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The Media

Does Computer Journalism Have a History? 13

Posted by Cliff
from the following-the-paper-and-bit-trail dept.
apanishev asks: "Hi to all /.'ters! I'm a beginner computer journalist in a Russian on- and offline magazine "PL-komp'yutery". One of the recent topics of my interest is: whether the computer journalism itself has a history? Sure it does, but my first investigations revealed nothing. I know there were some Amiga paper magazines and some BBS electronic bulletines before the Internet age, but what was the very first paper (and/or online) magazine about personal computers? About web design and professional computing? About PC games? I would be very grateful for any thoughts about the subject."
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Does Computer Journalism Have a History?

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  • I know Dr Dobbs Journal was founded as one of the first PC-oriented magazine, but I don't know whether it was actually the first or whatever...
  • US Magazines... (Score:4, Informative)

    by Howie (4244) <howieNO@SPAMthingy.com> on Monday November 12, 2001 @01:01PM (#2554219) Homepage Journal
    Doctor Dobb's Journal (Doctor Dobbs' Journal of Computer Callisthenics and
    Orthodontics
    at the time) and Byte were both around at least from the mid-70's. DDJ's website [ddj.com] says 1976 for them. This site [islandnet.com] says Sepember 1975 for Byte.
    • Looking further through that same site [islandnet.com], shows the People's Computer Company releasing their first magazine in October 1972. They were one of the first groups promoting personal computing, so that may well be the first 'personal computing' publication (The phrase 'personal computer' apparently first appears in print in the May 1976 issue of Byte (it says here [islandnet.com])).
  • Well, Byte magazine has been around forever. I know it dates back to the early 80s, and probably before that.
  • by JoshuaDFranklin (147726) <joshuadfranklin.NOSPAMNO@SPAMyahoo.com> on Monday November 12, 2001 @01:02PM (#2554227) Homepage
    Everything has a history, of course. :) I've done a good amount of online history-seeking, and I've found that the usual places of searching (like Google [google.com] are the best--at least to find other subject-specialized sites.

    For some of these, there's always Yahoo!, which seems to have a good number of links in this directory [yahoo.com].

    Also the Online History of Computers [hitmill.com] seems alright.

    If you're willing to spend a few bucks, you might invest in some of the titles in the IEEE Bibliography [ieee.org]. LoL.

  • PC gaming was Electronic Games Magazine, with Arnie Katz, Joyce Worley and Bill Kunkel as the main editorial team. EG ran for a while in the very early 80's and died during the first major games industry pullback in the mid-80's.

    Ever hardworking, Arnie, Joyce and Bill then started doing, of all things, big time wrestling magazines for a while, and ended up replacing the editorial team at Frozen Foods Weekly. Not exactly a dream gig, but all the frozen food they could eat, I guess.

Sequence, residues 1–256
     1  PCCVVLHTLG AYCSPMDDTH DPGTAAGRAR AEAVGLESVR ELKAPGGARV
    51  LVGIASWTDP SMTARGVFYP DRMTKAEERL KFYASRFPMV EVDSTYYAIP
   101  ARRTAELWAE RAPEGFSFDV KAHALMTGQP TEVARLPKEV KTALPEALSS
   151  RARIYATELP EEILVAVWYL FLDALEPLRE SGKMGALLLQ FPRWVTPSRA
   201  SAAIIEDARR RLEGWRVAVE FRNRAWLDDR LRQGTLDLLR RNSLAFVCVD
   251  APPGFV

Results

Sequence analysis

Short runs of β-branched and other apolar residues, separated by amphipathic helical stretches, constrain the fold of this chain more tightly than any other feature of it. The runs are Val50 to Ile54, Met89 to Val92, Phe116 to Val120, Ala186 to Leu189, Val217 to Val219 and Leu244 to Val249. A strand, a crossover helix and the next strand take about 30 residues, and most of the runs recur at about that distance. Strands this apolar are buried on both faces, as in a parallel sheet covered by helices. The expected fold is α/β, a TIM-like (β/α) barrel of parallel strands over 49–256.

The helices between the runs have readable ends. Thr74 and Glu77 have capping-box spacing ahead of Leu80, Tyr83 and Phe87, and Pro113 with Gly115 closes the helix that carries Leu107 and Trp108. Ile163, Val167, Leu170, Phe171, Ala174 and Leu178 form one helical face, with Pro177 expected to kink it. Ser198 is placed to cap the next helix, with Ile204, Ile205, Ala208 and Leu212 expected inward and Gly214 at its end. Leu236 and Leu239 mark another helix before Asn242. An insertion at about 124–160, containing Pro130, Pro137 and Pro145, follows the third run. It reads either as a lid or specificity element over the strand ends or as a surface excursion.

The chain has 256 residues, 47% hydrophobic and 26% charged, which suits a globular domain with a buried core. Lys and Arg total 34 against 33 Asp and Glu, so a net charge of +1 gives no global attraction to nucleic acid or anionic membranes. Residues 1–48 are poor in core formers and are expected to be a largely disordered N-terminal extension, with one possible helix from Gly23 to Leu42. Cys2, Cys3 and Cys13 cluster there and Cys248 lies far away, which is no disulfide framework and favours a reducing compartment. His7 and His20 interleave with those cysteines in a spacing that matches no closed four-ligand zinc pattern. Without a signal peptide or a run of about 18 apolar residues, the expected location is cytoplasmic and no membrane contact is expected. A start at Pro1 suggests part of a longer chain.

After the games industry recovered at the end of the decade, Barry Friedman negotiated a deal for them with Decker-Sendai publications and EG came back to life for a few years. While never as big as CGW, the magazine did respectably well and was generally good in coverage.

    Near the end of the 90's, for various reasons including a number of projects being pursued by the partners, the magazine went away, being briefly renamed Fusion and then turning to dust.

    And while I don't know it for a fact, I seem to think that Byte would be the first computer magazine in print. At least, it is the first one I can ever remember reading, and by far the best of its generation.

  • Not a direct answer, but as I remember it, the first magazines to carry computer coverage were electronics "what's new" and hobby magazines, stuff like Popular Electronics. I actually still have most of them in a box somewhere.
    RCA COSMAC VIP [inebraska.com], be still my heart :)
  • This Classic Computers [inebraska.com] site is probably a good starting place.
  • Computerworld and Datamation are two commercial publications that have been around for a very long time. Their primary emphasis was on large IBM systems (360/370 series), which was the majority of the computer market for many years..
  • Creative Computing magazine, founded by David Ahl, was one of, if not the first magazine to cover personal computing. It started publishing in 1974 [icwhen.com] -- "It contained, among other things, computer games written in BASIC. The programs ran on time-shared systems with Teletype machines hooked up to an HP or DEC minicomputer - a typical configuration for the time. " (http://www.uwp.edu/academic/mathematics/usaco/hom e/don.htm)

    [aside: you kids haven't lived if you haven't typed the BASIC source for Hunt the Wumpus on a model 33 Teletype and saved it to paper tape!]

    Creative also covered hobbyist systems such as the MITS Altair, and when the various home systems started to hit the market, Creative was there to cover Apple, Atari, IBM PC, etc.

    Of course, the home systems soon had dedicated magazines -- for the Ataris, there were A.N.A.L.O.G ("Atari Newsletter And Lots Of Games") and Antic. (I've got a closet full of these if anybody wants to purchase some history).

    Incidentally, the first issue of Byte was not published until 1975 [fireinthevalley.com]. I can't seem to find a date for the founding of Dr. Dobbs Journal.
    --

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